The Methow Valley’s annual “Nature of Winter Snowshoe Tours ” are available every Saturday during the month of February, plus Sunday, Feb. 20. Local naturalists lead the tours about winter ecology, wildlife and tracks, snow conditions and more. These family-friendly tours leave at 11 a.m. each Saturday from the North Cascades Basecamp in Mazama, which co-hosts with the Methow Valley Sport Trails Association (MVSTA).  

MVSTA snowshoe trail passes ($5) are required and available at the North Cascades Basecamp or Mazama Ski Shop.  Reservations are not required; space is available on a first-come, first-served basis and limited to 10 participants. Call MVSTA at 996-3287 or email events@mvsta.com for more information.

 

[pagebreak:Southcentral Washington]

Fishing: Anglers continue to reel in hatchery steelhead from portions of the Columbia and Snake Rivers, although the prospect of catching sturgeon close to home will undoubtedly prompt some to switch gears. Starting Feb. 1, the McNary Pool – also known as Lake Wallula – will reopen for retention of white sturgeon that measure 43 to 54 inches from their snout to the fork in their tail.

Centered near the Tri-Cities, it draws anglers from throughout the region, said Paul Hoffarth, a regional fish biologist for the Washington Department of Fish and Wildlife (WDFW). Open waters extend from McNary Dam to Priest Rapids Dam, and into the lower Snake River upstream to Ice Harbor Dam.

“From the Tri-Cities, you can reach the fishery in 20 minutes in either direction,” he said.

Hoffarth said the opening at Lake Wallula should take some pressure off the fishery under way at Lake Umatilla (John Day Pool), where anglers have been chiseling away at a 165-fish annual quota. “That quota has been reached very early in recent years, so anglers should go soon – and keep an eye out for updates – if they plan to fish Lake Umatilla.”

For additional information, see the 2010-11 Fishing in Washington pamphlet, available online at http://wdfw.wa.gov/fishing/regulations/ .

Meanwhile, steelhead fishing has been up and down, typical of the winter fishery, with some of the best catches reported in the Ringold area, Hoffarth said. In the Tri-Cities area, the fishery is open through March for retention of hatchery steelhead from John Day Dam upstream to the wooden power line towers at the old Hanford town site. 

Another section of the Hanford Reach is open to fishing for hatchery steelhead from the Highway 24 bridge (Vernita Bridge) upstream to Priest Rapids Dam. Fishing in that area is one of a number of angling opportunities funded by the Columbia River Salmon and Steelhead Endorsement Fee. 

The lower Snake River is also open for the retention of hatchery steelhead through March 31. The daily limit in the Snake River is three hatchery steelhead and barbless hooks are required. 

Walleye fishing can get slow in winter, but there’s always a chance of catching a lunker. Hoffarth said some of the largest walleye of the year are boated during the winter months near the Tri-Cities – including the 19.3-pound state record taken in Lake Wallula in 2007. 

Hunting: The waterfowl hunting season wraps up statewide at the end of January. Hunters, who have through Jan. 30 to hunt ducks and geese, should check the Waterfowl and Upland Game pamphlet online at http://wdfw.wa.gov/hunting/regulations/ for details.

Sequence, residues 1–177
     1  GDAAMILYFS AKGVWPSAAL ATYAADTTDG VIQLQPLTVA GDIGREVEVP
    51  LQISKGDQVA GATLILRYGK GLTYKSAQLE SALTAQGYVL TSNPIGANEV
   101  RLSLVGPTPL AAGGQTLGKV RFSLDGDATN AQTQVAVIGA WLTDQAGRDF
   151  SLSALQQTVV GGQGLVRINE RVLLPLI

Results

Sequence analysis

Hunters who purchased tags for black bear, deer, elk or turkey are reminded that reports on their hunting activities are due by Jan. 31 for each 2010 tag purchased. Hunters can file a report by calling (877) 945-3492, or by the Internet at https://fishhunt.dfw.wa.gov . Those who miss the deadline must pay a $10 penalty before they can purchase a 2011 hunting license.  

WDFW is accepting enrollment applications through Feb. 15 for its Master Hunter program. The department enlists master hunters to participate in controlled hunts to remove problem animals that damage property or threaten public safety. For information, see WDFW’s website at http://wdfw.wa.gov/hunting/masterhunter/ or call 360-902-8412. 

Wildlife viewing: Have 15 minutes to spare for bird science? That’s virtually all it takes to contribute to the Great Backyard Bird Count , an annual survey of birds sighted throughout North America over a four-day period. This year’s bird count is scheduled Feb.18-21, when birders of all levels of experience are invited to count the number of birds they see in a 15-minute period and enter their tally, by species, on the bird count website ( http://www.birdsource.org/gbbc ). Participants can conduct their count in their own backyards, in a neighborhood park or anywhere they choose. 

Meanwhile, WDFW’s winter feeding program is now under way at the Oak Creek Wildlife Area, where hundreds of hungry elk and big-horn sheep have descended from the high country to ride out the winter weather. The animals are now on view from the visitor center 15 miles northwest of Yakima, where they gather to dine on alfalfa hay and pellets. Volunteers from the Wildlife Education Corps are on hand to talk about the elk and the history of the wildlife area.

Oak Creek visitors can check the recorded message on the headquarters phone (509) 653-2390 for updates on feeding and elk-viewing tours. Tour reservations must be made at least 48 hours in advance by calling (509) 698-5106. For driving instructions and more information on the wildlife area see http://bit.ly/hW6VAu on WDFW’s website.